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Report: Critical Communications Infrastructure Could Be Under Water in 15 years

New York, Miami and Seattle are the most susceptible U.S. cities

MADISON — Thousands of miles of buried fiberoptic cable in densely populated coastal regions of the United States may soon be inundated by rising seas, according to a new study by researchers at the University of Wisconsin–Madison and the University of Oregon, reports

The study, presented July 16 at a meeting of internet network researchers, discusses “critical communications infrastructure that could be submerged by rising seas in as soon as 15 years,” according to the study’s senior author, Paul Barford, a UW–Madison professor of computer science. 

Buried fiber optic cables are designed to be water-resistant, but unlike the marine cables that ferry data from continent to continent under the ocean, they are not waterproof.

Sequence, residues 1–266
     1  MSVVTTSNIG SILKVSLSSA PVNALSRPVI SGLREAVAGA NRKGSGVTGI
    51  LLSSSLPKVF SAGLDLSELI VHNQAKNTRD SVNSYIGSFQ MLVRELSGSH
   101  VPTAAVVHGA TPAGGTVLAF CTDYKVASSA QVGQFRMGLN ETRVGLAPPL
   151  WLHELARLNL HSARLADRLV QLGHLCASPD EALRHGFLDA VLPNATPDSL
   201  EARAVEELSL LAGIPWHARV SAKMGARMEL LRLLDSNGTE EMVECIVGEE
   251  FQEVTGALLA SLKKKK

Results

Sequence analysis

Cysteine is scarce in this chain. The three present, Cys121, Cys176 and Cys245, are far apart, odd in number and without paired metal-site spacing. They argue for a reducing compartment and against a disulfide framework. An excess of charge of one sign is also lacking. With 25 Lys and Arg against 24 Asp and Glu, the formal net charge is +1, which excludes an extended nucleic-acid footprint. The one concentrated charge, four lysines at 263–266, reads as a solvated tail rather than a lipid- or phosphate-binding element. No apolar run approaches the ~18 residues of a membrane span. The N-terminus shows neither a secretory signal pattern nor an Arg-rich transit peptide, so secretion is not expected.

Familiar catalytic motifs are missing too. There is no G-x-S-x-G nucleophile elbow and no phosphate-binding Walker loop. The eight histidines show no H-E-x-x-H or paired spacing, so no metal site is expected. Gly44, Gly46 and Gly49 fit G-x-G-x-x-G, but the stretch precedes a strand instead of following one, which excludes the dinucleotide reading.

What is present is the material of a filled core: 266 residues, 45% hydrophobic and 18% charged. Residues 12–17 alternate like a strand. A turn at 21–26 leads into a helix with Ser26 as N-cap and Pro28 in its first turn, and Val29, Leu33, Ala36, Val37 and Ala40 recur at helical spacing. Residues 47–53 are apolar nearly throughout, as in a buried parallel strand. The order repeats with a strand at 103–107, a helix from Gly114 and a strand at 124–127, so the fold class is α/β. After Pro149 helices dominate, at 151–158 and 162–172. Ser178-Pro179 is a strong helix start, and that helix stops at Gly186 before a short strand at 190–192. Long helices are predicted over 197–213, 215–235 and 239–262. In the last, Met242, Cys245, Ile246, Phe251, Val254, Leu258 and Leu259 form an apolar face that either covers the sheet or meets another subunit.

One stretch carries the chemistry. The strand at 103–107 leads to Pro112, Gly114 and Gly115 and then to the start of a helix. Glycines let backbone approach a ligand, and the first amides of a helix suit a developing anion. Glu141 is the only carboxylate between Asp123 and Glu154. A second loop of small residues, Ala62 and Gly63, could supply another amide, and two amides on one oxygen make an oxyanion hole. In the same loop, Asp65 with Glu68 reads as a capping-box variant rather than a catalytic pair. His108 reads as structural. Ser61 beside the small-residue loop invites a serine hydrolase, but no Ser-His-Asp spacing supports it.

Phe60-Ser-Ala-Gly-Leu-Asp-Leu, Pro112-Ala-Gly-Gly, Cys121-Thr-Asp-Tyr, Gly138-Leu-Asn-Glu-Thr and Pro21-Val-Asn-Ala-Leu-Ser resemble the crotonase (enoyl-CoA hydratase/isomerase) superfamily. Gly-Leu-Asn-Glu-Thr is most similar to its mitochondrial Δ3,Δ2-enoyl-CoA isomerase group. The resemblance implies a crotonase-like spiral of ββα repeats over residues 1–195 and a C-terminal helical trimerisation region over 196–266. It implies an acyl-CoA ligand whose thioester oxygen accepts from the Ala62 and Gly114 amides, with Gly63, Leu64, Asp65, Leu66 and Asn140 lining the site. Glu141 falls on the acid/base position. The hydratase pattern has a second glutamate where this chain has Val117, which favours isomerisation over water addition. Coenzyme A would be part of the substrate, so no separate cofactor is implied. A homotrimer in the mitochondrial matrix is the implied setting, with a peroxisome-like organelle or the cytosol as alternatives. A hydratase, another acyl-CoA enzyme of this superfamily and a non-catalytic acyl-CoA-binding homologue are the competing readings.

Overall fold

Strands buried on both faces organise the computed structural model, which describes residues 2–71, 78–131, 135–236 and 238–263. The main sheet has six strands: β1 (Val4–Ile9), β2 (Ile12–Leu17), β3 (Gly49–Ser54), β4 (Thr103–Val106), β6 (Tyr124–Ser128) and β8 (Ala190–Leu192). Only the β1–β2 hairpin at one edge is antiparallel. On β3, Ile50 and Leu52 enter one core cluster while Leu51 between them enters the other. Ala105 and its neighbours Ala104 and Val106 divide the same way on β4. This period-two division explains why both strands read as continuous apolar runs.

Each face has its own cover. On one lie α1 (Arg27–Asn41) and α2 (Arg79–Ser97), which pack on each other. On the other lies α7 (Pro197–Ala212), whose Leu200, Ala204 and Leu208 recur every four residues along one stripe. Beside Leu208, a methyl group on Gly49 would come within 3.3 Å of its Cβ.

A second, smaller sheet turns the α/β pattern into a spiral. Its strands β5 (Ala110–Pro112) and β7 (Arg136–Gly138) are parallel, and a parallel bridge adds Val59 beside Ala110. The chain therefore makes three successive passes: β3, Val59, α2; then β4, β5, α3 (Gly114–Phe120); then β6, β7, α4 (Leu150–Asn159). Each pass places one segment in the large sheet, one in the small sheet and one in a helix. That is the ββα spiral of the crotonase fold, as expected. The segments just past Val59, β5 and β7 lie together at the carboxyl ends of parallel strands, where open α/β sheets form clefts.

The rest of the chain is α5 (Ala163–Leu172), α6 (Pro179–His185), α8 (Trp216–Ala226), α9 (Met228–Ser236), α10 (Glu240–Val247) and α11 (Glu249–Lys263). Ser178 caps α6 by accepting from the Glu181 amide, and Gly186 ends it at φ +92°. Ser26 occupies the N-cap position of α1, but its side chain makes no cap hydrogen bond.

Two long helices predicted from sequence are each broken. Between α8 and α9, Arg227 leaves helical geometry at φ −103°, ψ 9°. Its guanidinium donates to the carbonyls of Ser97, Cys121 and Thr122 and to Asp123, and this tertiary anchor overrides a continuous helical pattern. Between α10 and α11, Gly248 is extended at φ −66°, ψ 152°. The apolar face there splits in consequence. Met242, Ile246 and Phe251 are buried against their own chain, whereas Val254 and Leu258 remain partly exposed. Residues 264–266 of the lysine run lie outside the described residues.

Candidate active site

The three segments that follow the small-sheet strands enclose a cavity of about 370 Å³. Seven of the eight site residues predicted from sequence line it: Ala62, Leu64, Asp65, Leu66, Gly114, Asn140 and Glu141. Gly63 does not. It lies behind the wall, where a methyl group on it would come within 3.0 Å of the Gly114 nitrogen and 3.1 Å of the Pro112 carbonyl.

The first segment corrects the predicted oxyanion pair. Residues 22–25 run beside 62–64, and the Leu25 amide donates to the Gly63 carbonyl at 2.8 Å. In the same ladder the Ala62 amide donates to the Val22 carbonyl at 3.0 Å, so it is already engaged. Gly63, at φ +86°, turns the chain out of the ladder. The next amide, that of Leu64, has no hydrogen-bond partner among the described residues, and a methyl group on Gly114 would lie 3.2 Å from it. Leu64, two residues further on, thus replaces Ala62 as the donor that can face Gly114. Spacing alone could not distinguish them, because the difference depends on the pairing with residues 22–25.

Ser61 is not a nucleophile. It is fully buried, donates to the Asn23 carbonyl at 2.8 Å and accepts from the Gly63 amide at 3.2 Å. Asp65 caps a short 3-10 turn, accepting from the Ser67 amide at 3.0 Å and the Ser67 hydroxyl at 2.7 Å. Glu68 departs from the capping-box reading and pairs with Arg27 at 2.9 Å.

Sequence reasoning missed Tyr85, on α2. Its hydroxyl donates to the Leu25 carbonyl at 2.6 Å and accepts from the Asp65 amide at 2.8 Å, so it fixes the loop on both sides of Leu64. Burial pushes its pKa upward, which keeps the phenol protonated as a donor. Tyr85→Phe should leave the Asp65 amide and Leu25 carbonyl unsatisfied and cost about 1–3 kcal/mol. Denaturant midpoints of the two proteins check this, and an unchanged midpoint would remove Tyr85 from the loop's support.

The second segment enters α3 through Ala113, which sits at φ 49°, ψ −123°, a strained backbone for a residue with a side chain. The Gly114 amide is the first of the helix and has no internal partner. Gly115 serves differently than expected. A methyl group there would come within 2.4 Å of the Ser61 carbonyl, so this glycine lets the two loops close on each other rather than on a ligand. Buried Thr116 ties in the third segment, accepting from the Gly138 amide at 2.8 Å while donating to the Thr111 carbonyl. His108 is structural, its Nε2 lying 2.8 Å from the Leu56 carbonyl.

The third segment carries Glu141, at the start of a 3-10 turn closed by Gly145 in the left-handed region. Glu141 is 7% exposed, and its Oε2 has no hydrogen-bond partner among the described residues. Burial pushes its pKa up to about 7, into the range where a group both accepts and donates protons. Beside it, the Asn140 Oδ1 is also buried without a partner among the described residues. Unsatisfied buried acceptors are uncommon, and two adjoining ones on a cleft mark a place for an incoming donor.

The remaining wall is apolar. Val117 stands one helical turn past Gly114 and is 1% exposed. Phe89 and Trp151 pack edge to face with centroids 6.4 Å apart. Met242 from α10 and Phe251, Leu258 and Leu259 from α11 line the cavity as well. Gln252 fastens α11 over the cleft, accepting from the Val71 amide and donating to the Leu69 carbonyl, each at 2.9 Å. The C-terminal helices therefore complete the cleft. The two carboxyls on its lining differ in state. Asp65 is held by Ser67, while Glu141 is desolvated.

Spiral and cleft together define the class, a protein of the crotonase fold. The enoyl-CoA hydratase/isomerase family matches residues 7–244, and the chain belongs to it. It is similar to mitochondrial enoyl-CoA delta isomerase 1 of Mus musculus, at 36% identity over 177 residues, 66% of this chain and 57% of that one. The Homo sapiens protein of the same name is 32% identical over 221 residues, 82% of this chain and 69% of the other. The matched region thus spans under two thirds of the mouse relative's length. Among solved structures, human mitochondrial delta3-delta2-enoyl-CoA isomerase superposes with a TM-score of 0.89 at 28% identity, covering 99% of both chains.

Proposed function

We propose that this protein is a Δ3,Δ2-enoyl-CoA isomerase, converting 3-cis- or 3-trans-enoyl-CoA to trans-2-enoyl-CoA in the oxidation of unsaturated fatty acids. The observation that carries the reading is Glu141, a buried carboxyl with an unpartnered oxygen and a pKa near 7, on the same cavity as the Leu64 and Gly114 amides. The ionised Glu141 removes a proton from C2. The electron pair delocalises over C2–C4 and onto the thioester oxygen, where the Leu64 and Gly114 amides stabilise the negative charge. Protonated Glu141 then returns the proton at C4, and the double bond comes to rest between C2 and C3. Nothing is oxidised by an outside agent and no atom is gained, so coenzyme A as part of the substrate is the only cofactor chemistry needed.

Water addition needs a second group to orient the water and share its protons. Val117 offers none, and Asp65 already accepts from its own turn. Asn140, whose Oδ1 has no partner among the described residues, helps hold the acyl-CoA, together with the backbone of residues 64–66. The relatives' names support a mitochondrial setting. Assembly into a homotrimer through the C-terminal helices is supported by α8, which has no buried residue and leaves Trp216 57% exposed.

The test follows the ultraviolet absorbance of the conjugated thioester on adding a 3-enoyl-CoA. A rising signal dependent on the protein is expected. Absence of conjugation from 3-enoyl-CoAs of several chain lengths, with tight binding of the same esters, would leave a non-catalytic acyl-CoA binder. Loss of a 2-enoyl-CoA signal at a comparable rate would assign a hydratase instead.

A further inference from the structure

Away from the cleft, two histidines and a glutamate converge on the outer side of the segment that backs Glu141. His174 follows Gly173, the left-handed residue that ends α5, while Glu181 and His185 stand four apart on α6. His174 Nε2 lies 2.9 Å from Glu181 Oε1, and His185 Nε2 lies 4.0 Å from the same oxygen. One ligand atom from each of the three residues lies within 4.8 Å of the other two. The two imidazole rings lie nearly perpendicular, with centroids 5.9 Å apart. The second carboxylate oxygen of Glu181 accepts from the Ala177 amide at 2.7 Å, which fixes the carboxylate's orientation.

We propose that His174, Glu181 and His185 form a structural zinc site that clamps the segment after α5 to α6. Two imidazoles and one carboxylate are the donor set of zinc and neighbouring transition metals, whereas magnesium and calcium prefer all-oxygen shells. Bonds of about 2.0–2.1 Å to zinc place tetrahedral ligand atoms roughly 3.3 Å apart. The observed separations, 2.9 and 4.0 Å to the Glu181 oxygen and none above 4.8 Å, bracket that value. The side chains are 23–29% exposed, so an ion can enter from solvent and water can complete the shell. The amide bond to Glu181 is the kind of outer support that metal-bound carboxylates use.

Risks to the physical internet, says Barford, are associated with large population centers that exist on the coasts, the same places where the transoceanic marine cables that underpin global communication networks come ashore. “The landing points are all going to be underwater in a short period of time,” he notes. “Many of the conduits at risk are already close to sea level and only a slight rise in ocean levels due to melting polar ice and thermal expansion as climate warms will be needed to expose buried fiber optic cables to sea water,” said Barford. “Hints of the problems to come can be seen in the catastrophic storm surges and flooding that accompanied hurricanes Sandy and Katrina,” quoted from the same article.

The study was conducted by Ramakrishnan Durairajan, now of the University of Oregon, and Carol Barford, director of UW–Madison’s Center for Sustainability and the Global Environment. The study suggests that by the year 2033 more than 4,000 miles of buried fiber optic conduit will be underwater and more than 1,100 traffic hubs will be surrounded by water. The most susceptible U.S. cities, according to the same article, are New York, Miami and Seattle, but the effects would not be confined to those areas.